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Originally Posted by Shodan View Post
If rehabilitation and job training worked, this would be a good idea. But they rarely do. I doubt it would be tens or hundreds of thousands of people. If I read your figures correctly, there are about 122K people in prison, state and federal, for drug offenses, or somewhere around 8% of the total. Most of those are dealers, especially members of gangs who deal. Going to prison for simple possession isn't really a thing.
Your math seems off. If my cite is correct, we are talking about ~320k incarcerated drug offenders. FWIW.

It costs, what, $30k a year to keep someone locked up? If we dedicated half or 2/3 of that to helping them instead, maybe we could address the mass incarceration problem at the same time we address the spending problem.
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Old 06-12-2019, 11:39 AM
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No, you are correct. My math was off, my apologies.

If I understand your point, it was that we should release drug prisoners and spend $20K a year on rehab and job training for them, instead of $30K keeping them locked up. However, read Dr. Qadgop's post. Most of them are going to relapse and get sent back to prison. Some may achieve sobriety, eventually. The question remains if saving $10K per year minus whatever it costs to send them back to prison is enough to offset the cost to society of them doing whatever it is they do while not being sober.

Legalizing most or all drugs changes the equation, of course. It depends (in my view) which drugs are legalized. I suspect that legalizing marijuana would have one set of effects. Legalizing cocaine or meth or heroin would have another. I don't have any figures, but I would doubt very much if many people are in prison strictly for smuggling marijuana.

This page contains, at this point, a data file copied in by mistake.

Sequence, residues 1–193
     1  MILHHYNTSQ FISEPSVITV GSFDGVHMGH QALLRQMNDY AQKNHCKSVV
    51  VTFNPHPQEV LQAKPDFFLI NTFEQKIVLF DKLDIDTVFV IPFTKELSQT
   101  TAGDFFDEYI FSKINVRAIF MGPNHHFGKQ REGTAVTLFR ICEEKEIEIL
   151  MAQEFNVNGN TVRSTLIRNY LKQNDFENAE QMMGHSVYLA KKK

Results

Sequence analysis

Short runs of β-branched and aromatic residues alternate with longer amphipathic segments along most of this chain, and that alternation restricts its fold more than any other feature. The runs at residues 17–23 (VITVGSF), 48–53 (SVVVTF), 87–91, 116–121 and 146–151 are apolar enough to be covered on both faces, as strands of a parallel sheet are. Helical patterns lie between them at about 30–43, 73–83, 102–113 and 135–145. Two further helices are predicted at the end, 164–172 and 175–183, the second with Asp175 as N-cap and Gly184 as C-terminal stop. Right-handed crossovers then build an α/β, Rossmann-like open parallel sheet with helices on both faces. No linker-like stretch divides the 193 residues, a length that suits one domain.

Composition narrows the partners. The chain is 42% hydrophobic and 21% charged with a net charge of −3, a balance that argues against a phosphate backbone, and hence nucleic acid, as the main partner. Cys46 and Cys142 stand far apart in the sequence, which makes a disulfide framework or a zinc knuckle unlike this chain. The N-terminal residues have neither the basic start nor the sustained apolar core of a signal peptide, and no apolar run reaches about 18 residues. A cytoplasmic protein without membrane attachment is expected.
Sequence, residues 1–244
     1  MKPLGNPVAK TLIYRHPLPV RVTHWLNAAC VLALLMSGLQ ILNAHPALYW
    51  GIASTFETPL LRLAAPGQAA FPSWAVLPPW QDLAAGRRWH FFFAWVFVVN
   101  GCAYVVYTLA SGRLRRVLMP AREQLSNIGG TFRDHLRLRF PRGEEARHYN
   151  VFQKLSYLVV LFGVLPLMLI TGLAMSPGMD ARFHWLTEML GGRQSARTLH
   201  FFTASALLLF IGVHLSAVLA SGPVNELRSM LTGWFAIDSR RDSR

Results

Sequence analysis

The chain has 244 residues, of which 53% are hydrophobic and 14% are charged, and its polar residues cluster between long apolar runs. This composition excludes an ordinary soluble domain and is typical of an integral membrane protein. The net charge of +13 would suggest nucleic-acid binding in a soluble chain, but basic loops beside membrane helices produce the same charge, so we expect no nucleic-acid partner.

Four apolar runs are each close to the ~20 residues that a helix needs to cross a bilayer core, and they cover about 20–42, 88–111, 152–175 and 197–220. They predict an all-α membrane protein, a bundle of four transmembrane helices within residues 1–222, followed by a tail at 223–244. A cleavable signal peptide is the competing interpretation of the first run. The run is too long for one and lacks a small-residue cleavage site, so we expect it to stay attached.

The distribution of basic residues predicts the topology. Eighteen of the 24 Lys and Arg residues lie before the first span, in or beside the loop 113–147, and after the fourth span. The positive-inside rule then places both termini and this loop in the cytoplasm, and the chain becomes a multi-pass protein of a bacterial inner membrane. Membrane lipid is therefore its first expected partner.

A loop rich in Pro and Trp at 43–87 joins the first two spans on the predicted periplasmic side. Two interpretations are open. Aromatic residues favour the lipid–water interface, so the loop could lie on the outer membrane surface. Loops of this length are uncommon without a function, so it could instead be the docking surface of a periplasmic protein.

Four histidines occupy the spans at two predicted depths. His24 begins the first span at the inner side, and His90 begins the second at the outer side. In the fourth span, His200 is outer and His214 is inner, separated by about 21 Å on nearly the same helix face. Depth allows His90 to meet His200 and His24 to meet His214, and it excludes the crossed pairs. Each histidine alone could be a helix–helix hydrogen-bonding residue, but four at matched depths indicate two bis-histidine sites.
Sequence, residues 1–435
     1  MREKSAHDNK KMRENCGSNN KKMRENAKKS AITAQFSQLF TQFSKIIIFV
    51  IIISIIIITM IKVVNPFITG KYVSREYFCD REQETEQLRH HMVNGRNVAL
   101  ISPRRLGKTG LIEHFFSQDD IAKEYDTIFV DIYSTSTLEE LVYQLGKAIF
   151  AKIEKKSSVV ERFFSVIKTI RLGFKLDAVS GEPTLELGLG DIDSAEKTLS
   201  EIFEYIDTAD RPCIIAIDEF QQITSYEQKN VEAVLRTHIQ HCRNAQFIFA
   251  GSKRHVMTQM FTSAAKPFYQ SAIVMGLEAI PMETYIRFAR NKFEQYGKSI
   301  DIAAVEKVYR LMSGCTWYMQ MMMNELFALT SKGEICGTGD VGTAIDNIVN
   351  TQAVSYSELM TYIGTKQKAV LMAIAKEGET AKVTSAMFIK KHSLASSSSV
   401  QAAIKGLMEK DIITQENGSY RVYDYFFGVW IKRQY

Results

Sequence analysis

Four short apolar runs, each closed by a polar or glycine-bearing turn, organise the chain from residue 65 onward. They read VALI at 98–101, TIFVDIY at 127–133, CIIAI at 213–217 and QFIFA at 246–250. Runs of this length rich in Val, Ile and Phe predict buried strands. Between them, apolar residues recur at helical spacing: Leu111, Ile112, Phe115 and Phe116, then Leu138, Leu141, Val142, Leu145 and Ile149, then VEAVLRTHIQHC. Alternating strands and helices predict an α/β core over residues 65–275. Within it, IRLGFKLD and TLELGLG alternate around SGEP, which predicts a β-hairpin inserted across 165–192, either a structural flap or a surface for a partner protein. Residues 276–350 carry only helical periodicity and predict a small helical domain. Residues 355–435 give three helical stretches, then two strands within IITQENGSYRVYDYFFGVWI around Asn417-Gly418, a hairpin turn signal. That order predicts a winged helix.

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Shodan
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Old 06-12-2019, 12:05 PM
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I agree with what others have said before, it's time we stopped treating drug use as a crime and more as a medical condition.
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Old 06-12-2019, 12:38 PM
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I agree with what others have said before, it's time we stopped treating drug use as a crime and more as a medical condition.
Addiction treatment resources are what's in short supply here; waiting lists to get into programs are long; often when the addict is ready for change, there few resources to help them. The promise of a bed in a detox/rehab facility in 4-6 months, or a meeting with a counselor in 3 weeks. Plenty of time for relapsing and bad outcomes before that date.

Granted, free services such as the mutual help groups are available (AA, NA, SOS, Rational Recovery, and lots of church groups), but success is MUCH higher when those groups are combined with counselling and medication-assisted treatment. Along with treatment of mental health comorbidities.
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Old 06-12-2019, 01:45 PM
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While few folks are convicted and sent to prison in the first place for drug use, many of them are sent BACK to prison for drug or alcohol use. They are released in the first place with the condition that they must maintain abstinence from such substances, and violation of that restriction results in re-incarceration, often for years.

Now, addiction is a relapsing disease so it's not surprising they do frequently relapse. But a number of them will go on to relapse less and less often until they manage to maintain ongoing sobriety. Criminalizing relapse in this way has definite problems. Unfortunately it's hard to figure out which will eventually get better and which will not.
I have read your posts in other threads- surely you know more about what goes on in prisons than I do. With these kinds of drug recidivists, in your experience how common is it for these people to get high and then go on to commit other crimes vs simply violating the terms of their release by taking drugs?

If drug criminals are statistically certain to go nuts and commit all kinds of other crimes if released, that is a problem for my Legalize Drugs proposal. But if we treat drugs as a medical rather than legal issue and people can function with a little help, that seems better to me than imprisoning hundreds of thousands of people.